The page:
Tuesday, July 28, 2015

On Safety and Autonomy

I read Sarah's post on safety at Eventing in Color with great interest, and I keep refreshing the comments. Go read it and come back. I'll still be here.

So here's another instance in which I stake out some unpopular territory for myself and risk pissing people off. It's all good though--you don't get to be a gender-fluid queerdo in the South without being okay with making waves.

First, my stance on safety equipment: Wear what you want to wear, when you want to wear it. Mostly.

Like most of you, I alwayssssssssss wear a helmet. If someone comes over to my house and gets on one of my horses, they absolutely must wear a helmet. We got my nephew his own helmet and I would prefer that he wear it all the time in the barn and not just when he's mounted. I did graduate from Pony Club, after all. I do safety checks on all my equipment constantly. I don't wear my XC vest in the ring to jump unless I have a real reason to. I don't own an air vest. I wear my vest when I'm starting a young horse or jumping XC. I'm not really a reckless person. My standards for my own equipment are like most peoples' I know.

Lex was 5 days under saddle. In a 40-acre field. Vest.

But if I was in a lesson with a pro--not M, who always wears a helmet, but some hypothetical other pro--who wanted to get on my horse and s/he wasn't wearing a helmet, would I say no? I mean, maybe, if I wasn't sure she would ride my horse in a way I was okay with, but I wouldn't say no because of the helmet thing. A professional riding at home can make that decision. I watched a BNT who has had some recent Grand Prix success school a couple weeks ago, and he was jumping the tops of the standards with no helmet and a cigarette in his mouth and his iPod. Would EYE ride like that? Hell no. Am I going to march into the ring with a helmet and insist he put it on? Of course not. That would be out of line.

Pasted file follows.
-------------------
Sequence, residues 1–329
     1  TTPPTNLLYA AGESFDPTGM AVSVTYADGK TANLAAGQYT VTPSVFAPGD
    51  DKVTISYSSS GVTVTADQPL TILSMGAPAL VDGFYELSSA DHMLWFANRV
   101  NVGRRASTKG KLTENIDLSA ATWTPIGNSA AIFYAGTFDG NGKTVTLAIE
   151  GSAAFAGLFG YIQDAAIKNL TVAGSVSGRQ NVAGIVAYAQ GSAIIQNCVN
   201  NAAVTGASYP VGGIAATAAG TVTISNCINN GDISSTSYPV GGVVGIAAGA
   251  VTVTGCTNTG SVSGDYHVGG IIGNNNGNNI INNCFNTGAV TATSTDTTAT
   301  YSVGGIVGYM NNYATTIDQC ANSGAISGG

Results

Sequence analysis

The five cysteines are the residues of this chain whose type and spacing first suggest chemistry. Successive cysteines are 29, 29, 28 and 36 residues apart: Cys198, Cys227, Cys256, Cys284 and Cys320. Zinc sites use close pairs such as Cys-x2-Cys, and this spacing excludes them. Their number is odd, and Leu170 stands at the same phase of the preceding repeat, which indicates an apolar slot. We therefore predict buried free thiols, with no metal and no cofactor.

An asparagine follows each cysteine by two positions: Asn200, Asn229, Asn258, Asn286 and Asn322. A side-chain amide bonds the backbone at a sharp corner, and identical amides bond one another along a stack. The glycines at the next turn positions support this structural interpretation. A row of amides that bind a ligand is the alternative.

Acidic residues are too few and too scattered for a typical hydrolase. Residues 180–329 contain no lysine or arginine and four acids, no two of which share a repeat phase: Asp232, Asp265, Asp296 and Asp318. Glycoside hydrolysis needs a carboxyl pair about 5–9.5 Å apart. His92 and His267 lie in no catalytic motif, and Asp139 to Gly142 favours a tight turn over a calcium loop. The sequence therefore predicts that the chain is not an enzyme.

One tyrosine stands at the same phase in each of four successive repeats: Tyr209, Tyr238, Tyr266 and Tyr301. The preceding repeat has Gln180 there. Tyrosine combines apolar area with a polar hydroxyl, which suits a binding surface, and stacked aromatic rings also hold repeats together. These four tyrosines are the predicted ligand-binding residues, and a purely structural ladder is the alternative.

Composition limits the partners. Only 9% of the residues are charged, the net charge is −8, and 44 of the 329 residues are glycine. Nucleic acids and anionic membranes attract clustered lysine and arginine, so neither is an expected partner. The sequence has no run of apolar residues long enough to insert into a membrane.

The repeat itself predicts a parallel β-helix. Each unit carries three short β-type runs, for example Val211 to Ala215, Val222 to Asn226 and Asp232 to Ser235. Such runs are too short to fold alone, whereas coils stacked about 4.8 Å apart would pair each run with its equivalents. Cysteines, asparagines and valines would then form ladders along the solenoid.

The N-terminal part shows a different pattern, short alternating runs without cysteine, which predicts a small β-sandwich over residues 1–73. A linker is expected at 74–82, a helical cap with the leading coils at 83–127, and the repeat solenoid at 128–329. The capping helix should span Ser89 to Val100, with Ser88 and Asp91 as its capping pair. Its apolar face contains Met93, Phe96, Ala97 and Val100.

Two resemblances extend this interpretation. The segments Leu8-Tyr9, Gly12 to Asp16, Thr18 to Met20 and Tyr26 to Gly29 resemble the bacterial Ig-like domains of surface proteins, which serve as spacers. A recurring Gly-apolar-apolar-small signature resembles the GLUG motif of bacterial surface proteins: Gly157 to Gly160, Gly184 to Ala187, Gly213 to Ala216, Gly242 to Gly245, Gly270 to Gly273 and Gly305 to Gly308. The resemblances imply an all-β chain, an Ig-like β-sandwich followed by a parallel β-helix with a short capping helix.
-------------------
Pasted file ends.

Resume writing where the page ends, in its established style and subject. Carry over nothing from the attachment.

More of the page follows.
I walked around bareback on this horse today and wore a helmet.

"But you're not married to him, Jess, so why should it matter to you what he wears? It's different if you're married."

Is it? I don't know. His body is still his and mine is still mine, regardless of our relationship or lack thereof. I know women who won't get the haircut they want because their husbands won't like it. That bums me out a lot. It's not his hair!

So if someone told me to wear safety equipment, I don't think I'd have a super great reaction to that. I mean, USEA and USEF have rules about helmets and vests and I'm happy to follow the rules. If I ever got to the level of top hats in dressage or eventing, I'd still wear a helmet. Some people wear vests all the time when they ride because it makes them feel safe or they have an old injury or a disease process that means a fall would be worse for them than it would be for me. And they should do that! Whatever works for them.


Here's what it comes down to for me: I'm an incredibly independent person, perhaps to a fault. I'm kind of anti-romantic, too, in that anything that normal people consider romantic is probably going to make me break out in hives. Love, Actually makes me want to throw up, actually. And part of the reason I have so much trouble with normal-people romance is that it often seems to have something to do with control. "I'm telling you that you can't do this dangerous/far-away/whatever thing because I love you." "Wow, you must really love me if you're willing to tell me what to do!" For me, that doesn't work. I know. I'm suuuuuuuch a catch. Get in line, laydeez, for someone who will never stand outside your window with a boombox or whatever totally-right-now reference.